Take the 2-minute tour ×
Mathematics Stack Exchange is a question and answer site for people studying math at any level and professionals in related fields. It's 100% free, no registration required.

I am working on old qualifying problems involving tensor products. I am stuck on a statement about invertible elements in an exterior algebra and was wondering if this was a well known fact in a book somewhere. I think most of this notation is standard from dummite and foote but the notes I have been using are slightly different than what I have seen in textbooks so far.

Let $V$ be a finite dimensional vector space over a field $F$.

Let $T(V) = \oplus_{k=0}^{\infty} T^{k}(V)$ where $T^k(V) = V \otimes V \otimes \ldots \otimes V$ is tensor product of $k$ modules.

Let $\wedge V $ denote the exterior algebra of the $F$-module $V$, that is the quotient of the tensor algebra $T(V)$ by the ideal $A(M)$ generated by all $v \otimes v$ for $v \in V$.

Let $x \in \wedge V$. So that $x = \sum_{k\geq 0} x_k$ where each $x \in \wedge^k V = T^k(V)/A^k(V)$

How do you prove that $x$ is invertible if and only if $x_0 \neq 0$

share|improve this question
Pardon my not knowing anything really about exterior algebras, but what does it mean for an $x$ to be invertible? Anticommutativity precludes an identity element wrt the wedge product, so it must mean something else.. –  anon Oct 19 '11 at 23:20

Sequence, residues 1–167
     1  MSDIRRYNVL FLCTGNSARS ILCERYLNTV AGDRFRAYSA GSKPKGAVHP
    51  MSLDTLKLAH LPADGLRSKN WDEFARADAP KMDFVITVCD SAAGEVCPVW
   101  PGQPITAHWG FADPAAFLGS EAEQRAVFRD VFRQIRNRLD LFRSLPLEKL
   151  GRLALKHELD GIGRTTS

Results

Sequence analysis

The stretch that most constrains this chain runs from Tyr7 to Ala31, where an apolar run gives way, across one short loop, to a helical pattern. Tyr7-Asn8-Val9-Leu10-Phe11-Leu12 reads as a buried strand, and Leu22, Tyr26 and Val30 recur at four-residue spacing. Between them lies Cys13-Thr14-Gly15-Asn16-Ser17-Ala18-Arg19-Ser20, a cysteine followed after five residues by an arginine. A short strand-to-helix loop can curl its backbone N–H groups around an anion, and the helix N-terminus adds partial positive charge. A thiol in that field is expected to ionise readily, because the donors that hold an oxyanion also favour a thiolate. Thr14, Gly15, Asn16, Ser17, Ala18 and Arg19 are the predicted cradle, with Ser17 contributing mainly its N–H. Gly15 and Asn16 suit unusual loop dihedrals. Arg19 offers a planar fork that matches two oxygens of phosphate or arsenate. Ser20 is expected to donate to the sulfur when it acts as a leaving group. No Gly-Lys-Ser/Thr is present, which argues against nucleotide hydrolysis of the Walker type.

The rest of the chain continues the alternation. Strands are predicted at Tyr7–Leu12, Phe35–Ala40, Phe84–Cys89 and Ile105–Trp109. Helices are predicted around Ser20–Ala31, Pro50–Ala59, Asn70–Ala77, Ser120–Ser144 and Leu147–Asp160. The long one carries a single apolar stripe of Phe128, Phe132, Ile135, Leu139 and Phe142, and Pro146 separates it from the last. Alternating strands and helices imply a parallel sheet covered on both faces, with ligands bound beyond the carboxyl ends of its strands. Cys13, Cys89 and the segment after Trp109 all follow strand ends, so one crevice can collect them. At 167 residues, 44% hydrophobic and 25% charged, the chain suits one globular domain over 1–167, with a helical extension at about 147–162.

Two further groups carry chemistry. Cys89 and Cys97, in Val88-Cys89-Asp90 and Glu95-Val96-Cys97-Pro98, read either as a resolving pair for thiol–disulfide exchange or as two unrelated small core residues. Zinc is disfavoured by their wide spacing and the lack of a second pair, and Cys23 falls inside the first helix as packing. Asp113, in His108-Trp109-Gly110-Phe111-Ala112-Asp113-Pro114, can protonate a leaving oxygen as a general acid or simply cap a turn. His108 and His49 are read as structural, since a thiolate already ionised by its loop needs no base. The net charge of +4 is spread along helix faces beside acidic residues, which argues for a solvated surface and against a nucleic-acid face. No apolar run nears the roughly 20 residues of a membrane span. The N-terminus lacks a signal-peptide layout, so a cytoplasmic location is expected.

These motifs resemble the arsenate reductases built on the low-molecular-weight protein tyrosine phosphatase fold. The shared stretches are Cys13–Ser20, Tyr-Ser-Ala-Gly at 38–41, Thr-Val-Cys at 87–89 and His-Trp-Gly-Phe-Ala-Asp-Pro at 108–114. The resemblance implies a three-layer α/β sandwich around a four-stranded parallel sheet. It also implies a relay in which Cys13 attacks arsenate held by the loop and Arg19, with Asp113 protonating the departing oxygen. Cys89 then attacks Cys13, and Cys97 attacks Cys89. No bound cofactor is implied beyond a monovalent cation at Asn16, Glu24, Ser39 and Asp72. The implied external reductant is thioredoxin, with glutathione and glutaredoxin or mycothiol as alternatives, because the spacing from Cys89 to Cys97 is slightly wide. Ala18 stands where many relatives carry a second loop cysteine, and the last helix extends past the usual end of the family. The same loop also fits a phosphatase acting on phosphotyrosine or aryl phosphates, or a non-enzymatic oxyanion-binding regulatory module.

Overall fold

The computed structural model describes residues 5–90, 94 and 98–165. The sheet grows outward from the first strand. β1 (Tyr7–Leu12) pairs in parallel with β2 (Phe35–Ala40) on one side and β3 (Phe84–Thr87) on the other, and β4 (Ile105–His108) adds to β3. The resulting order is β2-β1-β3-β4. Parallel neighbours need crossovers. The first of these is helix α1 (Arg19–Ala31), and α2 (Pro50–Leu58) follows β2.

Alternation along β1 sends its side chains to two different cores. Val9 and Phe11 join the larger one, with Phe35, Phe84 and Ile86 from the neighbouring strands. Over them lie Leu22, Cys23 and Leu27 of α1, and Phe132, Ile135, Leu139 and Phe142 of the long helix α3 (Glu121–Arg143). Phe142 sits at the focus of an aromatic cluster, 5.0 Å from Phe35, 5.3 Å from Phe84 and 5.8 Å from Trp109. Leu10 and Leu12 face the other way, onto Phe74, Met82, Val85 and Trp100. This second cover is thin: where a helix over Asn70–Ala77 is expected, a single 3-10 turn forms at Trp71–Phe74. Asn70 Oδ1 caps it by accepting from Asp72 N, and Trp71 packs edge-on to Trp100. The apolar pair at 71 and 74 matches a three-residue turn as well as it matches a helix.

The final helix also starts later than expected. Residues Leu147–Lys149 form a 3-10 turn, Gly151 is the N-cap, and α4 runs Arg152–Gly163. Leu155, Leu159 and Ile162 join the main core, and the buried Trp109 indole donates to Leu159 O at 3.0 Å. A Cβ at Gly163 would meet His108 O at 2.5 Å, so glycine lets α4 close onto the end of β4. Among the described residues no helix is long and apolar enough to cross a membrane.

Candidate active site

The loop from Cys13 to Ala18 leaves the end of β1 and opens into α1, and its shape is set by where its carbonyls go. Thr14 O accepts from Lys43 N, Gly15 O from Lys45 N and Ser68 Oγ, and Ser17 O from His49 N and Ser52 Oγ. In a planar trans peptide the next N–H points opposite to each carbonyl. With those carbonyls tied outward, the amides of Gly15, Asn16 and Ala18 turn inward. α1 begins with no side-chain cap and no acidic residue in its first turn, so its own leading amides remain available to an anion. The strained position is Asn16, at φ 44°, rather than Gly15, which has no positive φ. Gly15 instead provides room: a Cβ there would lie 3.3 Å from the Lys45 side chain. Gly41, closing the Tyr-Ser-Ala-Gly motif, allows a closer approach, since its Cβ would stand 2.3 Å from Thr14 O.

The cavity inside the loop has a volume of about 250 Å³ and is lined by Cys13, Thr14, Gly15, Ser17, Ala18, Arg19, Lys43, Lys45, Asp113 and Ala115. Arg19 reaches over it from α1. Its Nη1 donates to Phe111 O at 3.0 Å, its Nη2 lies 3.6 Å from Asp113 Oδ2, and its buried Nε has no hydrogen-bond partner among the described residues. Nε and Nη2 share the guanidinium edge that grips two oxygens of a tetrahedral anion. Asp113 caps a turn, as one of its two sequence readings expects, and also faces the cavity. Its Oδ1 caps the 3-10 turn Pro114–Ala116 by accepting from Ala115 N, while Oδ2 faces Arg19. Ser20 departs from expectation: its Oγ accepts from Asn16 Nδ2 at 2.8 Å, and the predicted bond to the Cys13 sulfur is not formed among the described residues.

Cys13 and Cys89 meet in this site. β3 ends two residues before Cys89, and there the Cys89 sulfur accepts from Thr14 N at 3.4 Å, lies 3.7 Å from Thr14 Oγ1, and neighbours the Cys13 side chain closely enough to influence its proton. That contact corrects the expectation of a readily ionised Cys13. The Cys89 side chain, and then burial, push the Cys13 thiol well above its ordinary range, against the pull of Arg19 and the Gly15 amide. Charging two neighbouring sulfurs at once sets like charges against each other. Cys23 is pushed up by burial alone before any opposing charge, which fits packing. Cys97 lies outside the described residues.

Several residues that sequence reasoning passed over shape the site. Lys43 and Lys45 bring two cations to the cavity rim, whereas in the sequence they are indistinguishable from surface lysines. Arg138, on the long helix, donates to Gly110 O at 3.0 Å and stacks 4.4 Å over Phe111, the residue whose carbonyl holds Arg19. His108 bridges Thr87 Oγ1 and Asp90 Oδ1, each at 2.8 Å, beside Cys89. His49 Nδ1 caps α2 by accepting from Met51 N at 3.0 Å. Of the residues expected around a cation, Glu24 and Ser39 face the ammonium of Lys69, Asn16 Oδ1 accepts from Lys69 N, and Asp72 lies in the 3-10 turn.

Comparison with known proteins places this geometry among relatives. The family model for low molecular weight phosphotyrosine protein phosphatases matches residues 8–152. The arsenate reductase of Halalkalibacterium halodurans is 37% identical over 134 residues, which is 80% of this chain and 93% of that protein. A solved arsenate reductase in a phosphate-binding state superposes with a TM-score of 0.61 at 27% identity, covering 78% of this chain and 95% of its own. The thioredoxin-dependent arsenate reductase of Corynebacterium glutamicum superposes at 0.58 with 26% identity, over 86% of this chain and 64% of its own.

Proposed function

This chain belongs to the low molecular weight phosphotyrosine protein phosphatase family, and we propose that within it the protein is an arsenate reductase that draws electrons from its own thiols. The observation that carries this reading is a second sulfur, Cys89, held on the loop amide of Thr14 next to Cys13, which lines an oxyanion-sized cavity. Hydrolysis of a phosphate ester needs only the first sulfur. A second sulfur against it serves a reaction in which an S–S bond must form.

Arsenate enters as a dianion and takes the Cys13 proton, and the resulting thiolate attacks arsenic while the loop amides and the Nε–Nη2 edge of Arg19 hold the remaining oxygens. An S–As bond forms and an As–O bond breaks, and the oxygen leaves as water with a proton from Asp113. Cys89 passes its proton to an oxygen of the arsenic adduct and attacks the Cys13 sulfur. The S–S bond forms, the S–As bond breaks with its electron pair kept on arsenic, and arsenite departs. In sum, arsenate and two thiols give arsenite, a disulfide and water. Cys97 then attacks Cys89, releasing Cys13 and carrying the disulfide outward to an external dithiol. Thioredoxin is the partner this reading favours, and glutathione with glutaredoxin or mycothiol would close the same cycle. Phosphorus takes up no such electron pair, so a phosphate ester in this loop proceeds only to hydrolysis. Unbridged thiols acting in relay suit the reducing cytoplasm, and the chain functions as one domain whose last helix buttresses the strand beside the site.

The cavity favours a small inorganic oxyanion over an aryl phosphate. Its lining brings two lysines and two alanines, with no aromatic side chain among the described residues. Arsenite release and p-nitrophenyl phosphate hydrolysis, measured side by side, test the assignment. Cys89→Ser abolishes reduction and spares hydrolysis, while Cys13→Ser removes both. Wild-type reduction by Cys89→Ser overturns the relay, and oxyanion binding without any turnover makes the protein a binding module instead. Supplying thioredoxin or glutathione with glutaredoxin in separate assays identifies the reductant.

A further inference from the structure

@anon: T^0(V) is just a copy of the field, so F ≤ ⋀V. Maybe the keyword is "graded commutative". (v∧w)∧x = x∧(v∧w) since that is two "swaps", (v∧w)∧x = −v∧x∧w = −−x∧v∧w. –  Jack Schmidt Oct 19 '11 at 23:35
add comment

1 Answer

up vote 2 down vote accepted

The set $I = \oplus_{k=1}^\infty T^k(V)$ is an ideal of $T(V)$ containing $A(V)$. I believe $\bigwedge V$ is a finite dimensional local algebra with unique maximal ideal $I/A(V)$. In particular, every element of $I/A(V)$ is nilpotent. In fact if $\dim(V) = n$, then $x^{n+1} = 0$ for every $x \in I$. In particular, the geometric series $\frac{1}{1-x} = \sum_{k=0}^\infty x^k$ converges (is a finite sum plus a bunch of 0s) for every $x \in I$, and shows that such elements are invertible. Multiplying by a nonzero element of the field, gives the result.

share|improve this answer
add comment

Your Answer


By posting your answer, you agree to the privacy policy and terms of service.

Not the answer you're looking for? Browse other questions tagged or ask your own question.